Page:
D'Hooge, A., Rebbeck, L., Palin, R., Murphy, Q. et al., "Application of Real-World Wind Conditions for Assessing Aerodynamic Drag for On-Road Range Prediction," SAE Technical Paper 2015-01-1551, 2015, doi:10.4271/2015-01-1551.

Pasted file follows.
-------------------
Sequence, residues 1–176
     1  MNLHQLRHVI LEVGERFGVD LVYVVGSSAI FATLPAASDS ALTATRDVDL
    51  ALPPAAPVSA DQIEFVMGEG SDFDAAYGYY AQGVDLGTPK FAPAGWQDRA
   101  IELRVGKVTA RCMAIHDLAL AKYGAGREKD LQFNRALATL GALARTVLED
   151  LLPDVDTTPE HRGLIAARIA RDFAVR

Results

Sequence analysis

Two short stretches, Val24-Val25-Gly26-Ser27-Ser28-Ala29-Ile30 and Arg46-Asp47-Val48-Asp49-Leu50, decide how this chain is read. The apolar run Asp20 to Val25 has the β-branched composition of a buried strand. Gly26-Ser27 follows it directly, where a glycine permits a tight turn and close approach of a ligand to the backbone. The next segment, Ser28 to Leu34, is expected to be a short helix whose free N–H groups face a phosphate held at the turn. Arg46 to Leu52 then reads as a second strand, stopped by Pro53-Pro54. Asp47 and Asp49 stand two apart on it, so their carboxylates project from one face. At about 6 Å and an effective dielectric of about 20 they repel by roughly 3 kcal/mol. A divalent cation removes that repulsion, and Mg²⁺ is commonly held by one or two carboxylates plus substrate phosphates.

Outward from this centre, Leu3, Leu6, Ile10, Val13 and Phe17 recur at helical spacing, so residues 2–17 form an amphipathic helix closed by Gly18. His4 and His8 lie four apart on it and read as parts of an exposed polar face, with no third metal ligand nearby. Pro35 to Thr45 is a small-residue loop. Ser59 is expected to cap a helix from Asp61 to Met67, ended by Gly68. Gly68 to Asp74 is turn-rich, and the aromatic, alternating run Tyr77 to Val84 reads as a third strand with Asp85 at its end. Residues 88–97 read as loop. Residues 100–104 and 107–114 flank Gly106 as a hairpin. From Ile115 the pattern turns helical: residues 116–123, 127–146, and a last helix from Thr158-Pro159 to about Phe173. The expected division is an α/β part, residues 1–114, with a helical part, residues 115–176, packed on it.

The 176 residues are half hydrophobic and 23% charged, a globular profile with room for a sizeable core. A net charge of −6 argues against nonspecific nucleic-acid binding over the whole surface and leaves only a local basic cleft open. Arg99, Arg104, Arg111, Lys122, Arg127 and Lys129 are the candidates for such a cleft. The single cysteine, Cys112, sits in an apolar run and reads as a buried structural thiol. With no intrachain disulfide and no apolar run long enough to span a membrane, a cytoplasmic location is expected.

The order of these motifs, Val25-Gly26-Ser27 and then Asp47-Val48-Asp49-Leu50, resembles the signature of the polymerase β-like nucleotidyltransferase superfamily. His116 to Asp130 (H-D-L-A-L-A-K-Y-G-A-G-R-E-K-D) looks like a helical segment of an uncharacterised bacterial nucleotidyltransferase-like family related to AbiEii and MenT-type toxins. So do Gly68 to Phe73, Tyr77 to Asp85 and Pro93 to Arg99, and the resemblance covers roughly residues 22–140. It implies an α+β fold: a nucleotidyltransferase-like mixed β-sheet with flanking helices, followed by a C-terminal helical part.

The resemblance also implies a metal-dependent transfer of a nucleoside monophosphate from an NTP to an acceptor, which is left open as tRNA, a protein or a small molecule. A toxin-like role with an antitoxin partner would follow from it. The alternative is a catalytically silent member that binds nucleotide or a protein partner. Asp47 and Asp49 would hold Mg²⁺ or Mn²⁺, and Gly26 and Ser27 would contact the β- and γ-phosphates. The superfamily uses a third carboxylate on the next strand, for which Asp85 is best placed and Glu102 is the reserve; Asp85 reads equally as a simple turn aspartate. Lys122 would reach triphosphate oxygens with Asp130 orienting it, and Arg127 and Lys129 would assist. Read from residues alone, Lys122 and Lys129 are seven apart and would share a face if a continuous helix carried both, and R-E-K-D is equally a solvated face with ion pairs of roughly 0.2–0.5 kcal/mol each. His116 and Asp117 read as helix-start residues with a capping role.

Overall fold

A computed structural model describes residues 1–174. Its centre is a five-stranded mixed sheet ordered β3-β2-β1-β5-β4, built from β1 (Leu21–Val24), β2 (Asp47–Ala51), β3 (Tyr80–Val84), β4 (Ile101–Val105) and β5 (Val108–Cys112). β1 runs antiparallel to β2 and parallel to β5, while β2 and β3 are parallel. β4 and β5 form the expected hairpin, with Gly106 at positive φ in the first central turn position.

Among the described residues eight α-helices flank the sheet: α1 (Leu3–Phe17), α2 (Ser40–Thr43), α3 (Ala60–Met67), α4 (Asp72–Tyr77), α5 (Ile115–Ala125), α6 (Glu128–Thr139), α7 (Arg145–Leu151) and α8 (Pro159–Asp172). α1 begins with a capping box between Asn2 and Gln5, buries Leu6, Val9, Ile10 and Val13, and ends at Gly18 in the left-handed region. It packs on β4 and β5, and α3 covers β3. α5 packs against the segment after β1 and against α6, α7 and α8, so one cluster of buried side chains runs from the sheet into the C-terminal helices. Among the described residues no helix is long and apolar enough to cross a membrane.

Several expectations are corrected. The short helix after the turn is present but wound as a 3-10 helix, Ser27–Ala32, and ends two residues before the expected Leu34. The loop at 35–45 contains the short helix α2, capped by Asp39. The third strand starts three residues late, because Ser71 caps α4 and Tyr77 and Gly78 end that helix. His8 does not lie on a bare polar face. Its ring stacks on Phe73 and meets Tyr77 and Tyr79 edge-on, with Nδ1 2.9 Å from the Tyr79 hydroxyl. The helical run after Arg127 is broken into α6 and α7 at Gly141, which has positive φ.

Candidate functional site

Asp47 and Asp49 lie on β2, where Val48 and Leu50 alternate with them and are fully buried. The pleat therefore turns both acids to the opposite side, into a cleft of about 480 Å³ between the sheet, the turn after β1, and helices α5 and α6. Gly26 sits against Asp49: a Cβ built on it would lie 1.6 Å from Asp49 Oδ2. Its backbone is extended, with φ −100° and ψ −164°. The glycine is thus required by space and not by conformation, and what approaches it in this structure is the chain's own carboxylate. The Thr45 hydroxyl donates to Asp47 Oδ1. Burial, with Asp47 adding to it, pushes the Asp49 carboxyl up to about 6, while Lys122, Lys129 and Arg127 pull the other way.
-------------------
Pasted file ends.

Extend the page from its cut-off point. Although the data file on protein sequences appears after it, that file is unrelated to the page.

Aerodynamic evaluation of vehicles using static yaw angle changes in wind tunnel testing and numerical simulation has been used as standard practice for evaluating vehicle performance under a range of wind conditions. However, this approach does not consider dynamic wind effects coming from changing wind conditions, passing other vehicles and roadside obstacles, and transient non-uniform wind conditions coming from environmental turbulence. In previous work by the authors, computational fluid dynamics (CFD) simulation methodology for considering dynamic wind conditions and on-road turbulence was demonstrated, showing the important effects of the wind conditions on the vehicle aerodynamics. The technique allows the vehicle to be tested under a range of transient gust conditions, also accounting for wind turbulence coming from upstream vehicles and natural environmental wind fluctuations. These wind fluctuations are represented using the spectrum, intensity, and length scale of turbulent velocity fluctuations, which are then used as a transient boundary condition in the numerical simulation.In this paper, this method is utilized for determining the aerodynamic drag over a representative drive cycle representing highway driving through typical wind conditions on a California highway in order to support prediction of electric vehicle on-road range under a single battery charge. A long transient simulation was used with wind conditions varying using a prescribed cycle representing prevailing wind changes, wind gusts, and on-road turbulence. To understand the important effects of wind variations on vehicle aerodynamics, the results are shown separately for each wind condition, as well as using a weighted average representing a prescribed wind cycle.